For a long time the newspapers had been reporting on Russia’s entry to the WTO. Its entry was delayed over and over again and only happened at the end of 2011. Many people like you had however been wondering ”why all that fuss with Russia’s entry in WTO”? So I think that a very good way to understand how will Russia benefit from its entrance on December 2011 would be to see the impact that the WTO entry had to the rest of the BRICs.
So what exactly is the WTO? According to its website it is:
”The only global international organization dealing with the rules of trade between nations. At its heart are the WTO agreements are negotiated and signed by the bulk of the world’s trading nations and ratified in their parliaments. The goal is to help producers of goods and services, exporters, and importers conduct their business”
The WTO successed the General Agreement in Tariffs and Trade (GATT), which from 1945 had been governing the international trade. Put it simply, it was a global organisation which is oversaw and dealt the ‘rules of trade’ between its members. They supervised round 60 agreements. Examples include:
- The Agreement on Technical Barriers to Trade (concerning the avoidance of uneccesary tariffs between member-states)
- The Agreement on the Application of Sanitary and Phytosanitary Measures (concerning the safety of the food products being traded on issues such as bacterial contaminants, pesticides, inspection and labelling)
- The Agreement on Trade Related Aspects of Intellectual Property Rights (concerning the protection of intellectual property rights)
These agreements had the status an of international legal text and when the terms were breached, then the GATT can intervete and offer resolutions to the disputes.
As you might see, it is like a ‘club’ between its members, helping their trading relations to be more fair and efficient.
As in all clubs however, in order to become a member, you have to pay a price. And this price is expressed in terms of the requirements for the WTO ascension . When a country wants to enter the WTO, it has to make an individual application, and every time, the criteria that the country has to satisfy in order to enter the WTO ist ‘tailored’ by its members. The things that its potential member will have to do in order to enter the organisation depend on the difference between the rules of the organisation and the applicant’s international and domestic trade policies and laws.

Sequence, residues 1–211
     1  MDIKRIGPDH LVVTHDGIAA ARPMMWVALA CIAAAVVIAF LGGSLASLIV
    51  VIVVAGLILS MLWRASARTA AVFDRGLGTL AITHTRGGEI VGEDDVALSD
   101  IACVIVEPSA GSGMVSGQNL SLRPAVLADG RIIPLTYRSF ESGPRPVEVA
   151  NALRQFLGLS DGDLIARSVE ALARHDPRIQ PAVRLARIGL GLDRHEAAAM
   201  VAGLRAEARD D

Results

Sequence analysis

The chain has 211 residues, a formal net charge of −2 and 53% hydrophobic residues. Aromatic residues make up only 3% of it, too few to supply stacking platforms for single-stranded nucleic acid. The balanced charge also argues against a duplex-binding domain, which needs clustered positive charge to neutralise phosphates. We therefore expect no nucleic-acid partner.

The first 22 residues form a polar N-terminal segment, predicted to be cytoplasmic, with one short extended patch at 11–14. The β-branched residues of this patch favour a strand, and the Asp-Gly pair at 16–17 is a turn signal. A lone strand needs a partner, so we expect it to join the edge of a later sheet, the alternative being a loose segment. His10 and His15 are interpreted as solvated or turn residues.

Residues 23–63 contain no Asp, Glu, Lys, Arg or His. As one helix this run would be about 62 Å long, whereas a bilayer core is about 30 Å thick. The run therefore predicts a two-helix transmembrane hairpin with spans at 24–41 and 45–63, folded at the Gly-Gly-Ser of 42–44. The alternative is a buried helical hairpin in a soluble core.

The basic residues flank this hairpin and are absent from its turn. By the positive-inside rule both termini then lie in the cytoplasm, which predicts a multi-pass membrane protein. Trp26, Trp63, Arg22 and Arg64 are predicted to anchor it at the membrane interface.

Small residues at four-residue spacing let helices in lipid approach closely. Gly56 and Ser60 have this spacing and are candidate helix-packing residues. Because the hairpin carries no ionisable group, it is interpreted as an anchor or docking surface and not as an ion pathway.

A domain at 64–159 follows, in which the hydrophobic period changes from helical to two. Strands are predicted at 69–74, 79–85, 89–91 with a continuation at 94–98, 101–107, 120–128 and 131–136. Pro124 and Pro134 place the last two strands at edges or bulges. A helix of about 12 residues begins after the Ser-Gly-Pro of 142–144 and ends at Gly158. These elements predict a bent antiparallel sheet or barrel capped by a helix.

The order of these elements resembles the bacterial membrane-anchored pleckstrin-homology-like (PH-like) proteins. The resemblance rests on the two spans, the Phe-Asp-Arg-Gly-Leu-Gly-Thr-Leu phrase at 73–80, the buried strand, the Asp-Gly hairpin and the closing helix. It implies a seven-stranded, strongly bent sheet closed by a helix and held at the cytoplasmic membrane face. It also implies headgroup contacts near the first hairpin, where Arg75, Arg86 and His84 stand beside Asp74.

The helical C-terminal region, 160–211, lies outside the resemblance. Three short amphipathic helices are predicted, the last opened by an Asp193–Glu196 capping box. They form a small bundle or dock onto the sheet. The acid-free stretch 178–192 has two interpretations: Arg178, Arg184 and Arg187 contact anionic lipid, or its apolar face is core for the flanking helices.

I’m sure that you now understand much better what WTO is.
But why did Russia struggle so much to enter the WTO? Lets see what happened in the cases of China, India and Brazil, and I’m sure that you will then have a much better idea.
The country which has benefited the most through its ascension is definitelly China, which enterred WTO only ten years ago, after 14 years of negotiations. Specialists, such as Zhang Hanlin, are of the opinion that “Seventy percent of China’s economic achievements this decade can be attributed to our membership in the WTO”. The benefits that China enjoyed were multiple. Most of its products started dominating foreign markets, leading to the saturation of many local industries (ie the manufacturing and the cotton industries in Europe). This lead to job creation and increased the prosperity level for many Chinese people. New jobs were also created from the fact that since China was a full-member, then companies would be able to outsource their services. All these facts definitely had a major role in transforming China in the modern economic super-power. There are however several issues concerning the use of copyrights, the restrictions in the exports of rare high-tech raw materials and many other which create tentions between China and the WTO.
Brazil has benefited so far clearly less than China. Things seem to to be gradually changing: In 2011, Brazil was the country which was first in the export growth among BRICs. Recent disputes include ethanol tarrifs in which Brazil might file a formal complaint against the US and car import taxes which are dissatisfactory to Japan. Brazil has also started making calls to the WTO concerning review of the rules of international FX trading.
It could be said that India has benefited even less than Brazil from its ascension. The main reason for being that Indian economy doesn’t depend as much on exports, decreasing the benefits that the country can enjoy from its ascension. Recently there have been however several calls for investment and R&D in specific sectors that India can export, such as Pharmaceuticals and Agriculture. This means that these sectors can repsesent a growing opportunity in India for the next years.
And the time has come for Russia…..
The main advantage for Russia was not directly in terms of trading volumes but that it could ”redefine its relationships with the world”. The WTO accession made the country more open and transparent and lowered the risk environment for foreigners to invest and work. In addition, it could result in the modernization of its trade relationships with EU, while it could also assist the US-Russia relationships as theUS could grant Russia permament normal trading status. Its clear that the indirect implications from its ascension can be crucial for the current and short- and long-term environment of the country.
About Konstantinos Tsanis
Currently, I am focusing in the completion of my PhD - research topic: Business strategies and financial performance in the high tech industry. I have worked with high tech start-ups, energy, food and pharmaceutical companies. Moreover, I have taught at the University of Edinburgh Strategic Management, International Accounting and Portfolio Management. I am also a Chartered MCSI from the British CISI institute.